Therefore, the later Act, i.e., The Maharashtra Rent Act having been reserved and having received an assent of the President of India, would prevail over the Act, 1971.

The second submission was that the provisions of Section 3 of the Public Premises Act are violative of Article 14 of the Constitution of India as it makes the Estate Officer of the statutory authority as a Judge in his own cause. Thirdly, it was submitted that the show cause notice is violative of the guildelines issued by the Central Government from time to time. Fourthly, it was submitted that the Government of India Allocation of Business Rules 1961 allots the powers of the Central Government to appoint Estate Officer under the provisions of the Act to the Ministry of Urban Development and not to the Ministry of Finance. Therefore, the order appointing the respondent No. 2 as Estate Officer was made by the Ministry of Finance and not by the Ministry of Urban Development. Therefore it is contrary to the rules of Allocation of Business. Fifthly and lastly it was submitted that the respondent No. 2 was appointed as an Estate Officer by order dated 24th June, 2002 which refers to the notification dated 29th July, 1988. It was submitted that the notification dated 29th July, 1988 had been superceded by the notification dated 25th January, 1993, therefore appointment is bad & without jurisdiction.

All these contentions were considered by the Division Bench and rejected on the basis of the decision given by this Court from time to time.

Aggrieved against this order passed by the Division Bench the present S.L.P. was preferred.

Leave was granted in these petitions & now finally appeals have come up for final disposal.

The first and the foremost question raised before this Court was validity of Section 3 of the Act of 1971. It is suffice it to say that the validity of Section 3 had already been upheld by this Court to which we will refer later however our special attention was drawn to the second proviso to Section 3 (a) of the Act, 1971, Section 3 of the Act of 1971 reads as under:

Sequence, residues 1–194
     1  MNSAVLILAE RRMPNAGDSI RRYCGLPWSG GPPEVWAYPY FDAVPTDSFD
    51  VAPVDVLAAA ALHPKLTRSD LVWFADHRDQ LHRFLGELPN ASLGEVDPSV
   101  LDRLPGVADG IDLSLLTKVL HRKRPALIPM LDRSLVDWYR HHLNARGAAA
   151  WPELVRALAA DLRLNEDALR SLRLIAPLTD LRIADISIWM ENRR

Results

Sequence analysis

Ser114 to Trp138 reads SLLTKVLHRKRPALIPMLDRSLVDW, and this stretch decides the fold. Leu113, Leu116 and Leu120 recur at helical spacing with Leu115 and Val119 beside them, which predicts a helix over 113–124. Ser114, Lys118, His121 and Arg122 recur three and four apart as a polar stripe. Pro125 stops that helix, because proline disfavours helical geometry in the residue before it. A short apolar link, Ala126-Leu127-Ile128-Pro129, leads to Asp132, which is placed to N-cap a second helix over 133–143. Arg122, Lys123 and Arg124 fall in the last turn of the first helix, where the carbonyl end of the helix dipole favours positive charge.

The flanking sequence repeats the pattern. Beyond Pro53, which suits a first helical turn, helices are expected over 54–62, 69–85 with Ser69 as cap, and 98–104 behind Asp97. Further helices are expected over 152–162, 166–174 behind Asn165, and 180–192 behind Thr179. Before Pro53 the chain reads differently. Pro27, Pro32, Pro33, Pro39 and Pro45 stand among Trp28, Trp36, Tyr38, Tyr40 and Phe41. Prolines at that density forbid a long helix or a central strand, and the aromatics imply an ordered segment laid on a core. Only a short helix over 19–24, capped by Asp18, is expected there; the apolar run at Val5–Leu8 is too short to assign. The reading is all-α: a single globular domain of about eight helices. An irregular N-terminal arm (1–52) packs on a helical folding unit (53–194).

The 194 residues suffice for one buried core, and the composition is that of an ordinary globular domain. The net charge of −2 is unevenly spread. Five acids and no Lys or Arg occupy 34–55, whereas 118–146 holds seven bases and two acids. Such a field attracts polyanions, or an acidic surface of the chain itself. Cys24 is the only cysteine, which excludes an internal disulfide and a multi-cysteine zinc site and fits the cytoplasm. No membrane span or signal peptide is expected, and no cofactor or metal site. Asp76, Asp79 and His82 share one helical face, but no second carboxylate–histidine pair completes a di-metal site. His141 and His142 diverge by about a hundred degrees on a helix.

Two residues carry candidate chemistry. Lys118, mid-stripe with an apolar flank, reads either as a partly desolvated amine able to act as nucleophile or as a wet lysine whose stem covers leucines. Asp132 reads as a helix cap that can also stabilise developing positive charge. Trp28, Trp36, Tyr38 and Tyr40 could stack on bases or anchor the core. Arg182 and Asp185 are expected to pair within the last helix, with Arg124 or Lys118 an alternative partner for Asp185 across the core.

1. "Appointment of Estate Officers  The Central Government may, by notification in the Official Gazette.

  1. appoint such person, being Gazetted Officers of Government or of the Government of any Union Territory or officers of equivalent rank of the Statutory Authority, as it thinks fit, to be Estate Officers for the purposes of this Act;

Provided that no officer of the Secretariat of the Rajya Sabha shall be so appointed except after consultation with the Chairman of the Rajya Sabha and no officer of the Secretariat of the Lok Sabha shall be so appointed except after consultation with Speaker of the Lok Sabha:

Provided further that an officer of a Statutory Authority shall only be appointed as an Estate Officer in respect of the public premises controlled by that authority; and

  1. define the local limits within which, or the categories of public premises in respect of which, the Estate Officers shall exercise the powers conferred, and perform the duties imposed, on Estate Officers by or under this Act." In this connection it may be mentioned here that the first case which arose before this Court was the case of Northern Another reported in (1967)3 SCR 399. In that case the majority view was that a law prescribing two procedures one more drastic or prejudicial to the party than the other and which can be applied at the arbitrary will of the authority, is violative of Art 14 of the Consititution. This case subsequently came up for consideration before this Court again in the case of Maganlal Chhaganlal (P) Reported in (1974) 2 SCC 402. In that case the majority view was overruled by the majority. The case of Maganlal(Supra) was a Seven judges Bench case in which four judges; Hon. Mr. A.N. Ray, CJ, Hon. Mr. Palekar, Hon. Mr. Mathew & Hon. Mr. Alagiriswami overruled by Majority and held: